From the White House, “the president was very clear, he wants to make things happen”, declared the principal press assistant Karine Jean-Pierre.

As night fell, Democratic leaders struggled to resolve a catalog of remaining issues as lawmakers balanced Biden’s global vision promise with the political realities of their home district.

Biden has little voice to spare in the tightly divided House, and none when the bill finally arrives for consideration in the equally divided 50-50 Senate.

Five centrist Democratic lawmakers want a full budget assessment before they vote. Others from more Republican areas oppose a new state and local tax deduction that favors New York, California and other high-tax states. Another group wants changes to the immigration provisions.

In recent days, the overall price and the income to be paid have increased. A new White House assessment Thursday said revenues from corporate and wealth taxes and other changes are expected to bring in $ 2.1 trillion over 10 years, according to a summary obtained by The Associated Press. This is up from what had been $ 1.9 trillion in previous estimates.

Pelosi noted a similar assessment Thursday by the bipartisan joint committee on taxation, and she echoed Biden’s frequent comment that the overall package will be fully paid for.

But another model from the Wharton School at the University of Pennsylvania suggested a shortfall to cover costs, raising further doubts among some of the Democratic lawmakers.

Still, House Democrats are eager to wrap up this week, keen to implement the President’s agenda and, as some lawmakers prepare to leave for a global climate change summit in Scotland, show the United States take the environmental issue seriously.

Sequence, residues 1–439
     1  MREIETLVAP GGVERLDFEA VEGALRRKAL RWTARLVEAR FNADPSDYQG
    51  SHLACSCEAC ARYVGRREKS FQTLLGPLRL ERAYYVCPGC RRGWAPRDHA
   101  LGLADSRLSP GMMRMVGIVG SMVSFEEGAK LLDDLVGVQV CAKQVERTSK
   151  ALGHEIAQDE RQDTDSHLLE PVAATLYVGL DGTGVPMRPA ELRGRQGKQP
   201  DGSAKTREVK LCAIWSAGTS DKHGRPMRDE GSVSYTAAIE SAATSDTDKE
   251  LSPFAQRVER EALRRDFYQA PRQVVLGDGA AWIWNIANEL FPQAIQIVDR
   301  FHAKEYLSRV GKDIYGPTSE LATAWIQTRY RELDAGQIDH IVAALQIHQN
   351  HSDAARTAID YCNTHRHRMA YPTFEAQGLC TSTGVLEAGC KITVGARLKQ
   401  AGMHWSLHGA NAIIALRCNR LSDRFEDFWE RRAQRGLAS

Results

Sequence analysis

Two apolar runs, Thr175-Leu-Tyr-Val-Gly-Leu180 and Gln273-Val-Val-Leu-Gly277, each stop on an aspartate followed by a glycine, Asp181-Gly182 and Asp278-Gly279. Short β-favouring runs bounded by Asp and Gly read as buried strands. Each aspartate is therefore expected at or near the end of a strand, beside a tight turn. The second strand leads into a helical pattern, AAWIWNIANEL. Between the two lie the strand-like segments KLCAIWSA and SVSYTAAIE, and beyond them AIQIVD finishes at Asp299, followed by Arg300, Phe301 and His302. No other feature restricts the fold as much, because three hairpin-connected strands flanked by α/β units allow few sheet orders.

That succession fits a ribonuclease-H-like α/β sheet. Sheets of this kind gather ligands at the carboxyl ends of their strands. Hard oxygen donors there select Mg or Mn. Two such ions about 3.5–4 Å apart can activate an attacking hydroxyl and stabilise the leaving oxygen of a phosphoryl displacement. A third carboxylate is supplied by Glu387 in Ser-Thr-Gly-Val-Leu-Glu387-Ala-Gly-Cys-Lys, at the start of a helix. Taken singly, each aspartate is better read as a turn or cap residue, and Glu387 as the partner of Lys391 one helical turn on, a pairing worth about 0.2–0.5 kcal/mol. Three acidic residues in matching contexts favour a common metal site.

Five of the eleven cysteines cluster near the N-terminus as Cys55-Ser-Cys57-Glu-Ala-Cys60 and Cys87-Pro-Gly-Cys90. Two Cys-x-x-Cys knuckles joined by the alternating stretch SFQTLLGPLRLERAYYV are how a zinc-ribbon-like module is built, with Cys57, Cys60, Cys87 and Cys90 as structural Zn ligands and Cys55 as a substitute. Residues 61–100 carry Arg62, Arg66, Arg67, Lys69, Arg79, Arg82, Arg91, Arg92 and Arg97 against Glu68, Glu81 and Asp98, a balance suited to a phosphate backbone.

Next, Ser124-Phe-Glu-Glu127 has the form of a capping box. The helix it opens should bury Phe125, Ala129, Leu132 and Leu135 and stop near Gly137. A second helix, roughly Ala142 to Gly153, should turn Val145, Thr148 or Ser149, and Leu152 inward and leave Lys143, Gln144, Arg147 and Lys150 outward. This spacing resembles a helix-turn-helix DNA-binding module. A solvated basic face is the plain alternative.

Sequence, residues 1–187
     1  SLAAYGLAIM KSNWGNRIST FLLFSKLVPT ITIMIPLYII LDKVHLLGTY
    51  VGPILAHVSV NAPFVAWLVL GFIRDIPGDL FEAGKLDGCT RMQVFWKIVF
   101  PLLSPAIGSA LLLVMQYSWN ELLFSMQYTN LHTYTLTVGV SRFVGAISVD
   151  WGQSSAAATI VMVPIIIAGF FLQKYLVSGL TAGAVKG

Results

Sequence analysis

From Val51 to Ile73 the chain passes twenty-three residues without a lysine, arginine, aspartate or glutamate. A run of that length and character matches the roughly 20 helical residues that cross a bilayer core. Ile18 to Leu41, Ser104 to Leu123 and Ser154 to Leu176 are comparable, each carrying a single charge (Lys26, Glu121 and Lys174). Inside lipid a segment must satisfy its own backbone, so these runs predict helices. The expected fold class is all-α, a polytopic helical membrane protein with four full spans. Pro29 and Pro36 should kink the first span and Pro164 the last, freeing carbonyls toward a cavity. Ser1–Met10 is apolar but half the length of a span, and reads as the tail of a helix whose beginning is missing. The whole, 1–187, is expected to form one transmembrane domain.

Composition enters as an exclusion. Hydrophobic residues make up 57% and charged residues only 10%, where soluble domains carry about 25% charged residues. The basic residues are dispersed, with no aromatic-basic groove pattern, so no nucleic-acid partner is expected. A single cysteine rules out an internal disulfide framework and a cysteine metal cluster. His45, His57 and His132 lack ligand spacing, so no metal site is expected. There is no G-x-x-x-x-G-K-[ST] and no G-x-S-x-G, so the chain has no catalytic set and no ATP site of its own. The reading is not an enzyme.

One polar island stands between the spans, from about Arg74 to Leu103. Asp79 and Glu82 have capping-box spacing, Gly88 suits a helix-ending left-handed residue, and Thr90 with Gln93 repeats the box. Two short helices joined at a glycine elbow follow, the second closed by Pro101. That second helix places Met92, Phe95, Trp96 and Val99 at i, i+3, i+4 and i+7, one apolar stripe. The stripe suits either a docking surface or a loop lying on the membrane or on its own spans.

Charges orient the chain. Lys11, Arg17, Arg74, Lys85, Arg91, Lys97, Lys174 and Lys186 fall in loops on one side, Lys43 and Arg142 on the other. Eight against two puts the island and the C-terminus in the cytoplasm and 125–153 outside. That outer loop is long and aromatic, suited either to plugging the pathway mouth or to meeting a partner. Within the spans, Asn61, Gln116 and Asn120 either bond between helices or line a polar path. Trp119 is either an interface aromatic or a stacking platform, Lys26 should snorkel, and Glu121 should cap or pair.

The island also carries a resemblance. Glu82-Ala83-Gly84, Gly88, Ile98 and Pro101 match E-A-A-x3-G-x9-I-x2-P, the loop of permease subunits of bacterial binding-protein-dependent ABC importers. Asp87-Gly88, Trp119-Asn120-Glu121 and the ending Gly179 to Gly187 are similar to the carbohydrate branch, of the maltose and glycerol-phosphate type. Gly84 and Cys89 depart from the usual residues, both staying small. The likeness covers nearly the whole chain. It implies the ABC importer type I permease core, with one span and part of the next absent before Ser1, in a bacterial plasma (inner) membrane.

Democrats have struggled to resolve their differences, especially with the Sens refractory. Joe Manchin of West Virginia and Kyrsten Sinema of Arizona, who forced cuts to Biden’s bill but defended the thinner infrastructure package that stalled amid deliberations.

Manchin rejected the new family and medical leave program, which should provide four weeks of paid leave after childbirth, to recover from serious illness or to care for family members, less than the 12 weeks once considered.

Senators are also likely to remove a just-added immigration provision that would create a new program for some 7 million immigrants who are in the country without legal status, allowing them to apply for permits to work and travel. in the United States for five years. It is not clear whether the addition would be accepted by the Senate parliamentarian under the special budgetary rules used to process the package.

On another open issue, Democrats are still discussing a plan to partially remove the $ 10,000 limit on state and local tax deductions that particularly hits high-tax states and was enacted as part of the plan. 2017 fiscal year of the Trump era.

While repealing the SALT deduction cap is a priority for many lawmakers in northeastern states, progressives wanted to prevent the super-rich from benefiting from it. Under the plan, the $ 10,000 deduction limit would be increased to $ 72,500 for 10 years, starting in tax year 2021.

Associated Press editors Farnoush Amiri, Kevin Freking, Aamer Madhani, and Mary Clare Jalonick contributed to this report.

Copyright 2021 The Associated Press. All rights reserved. This material may not be published, broadcast, rewritten or redistributed without permission.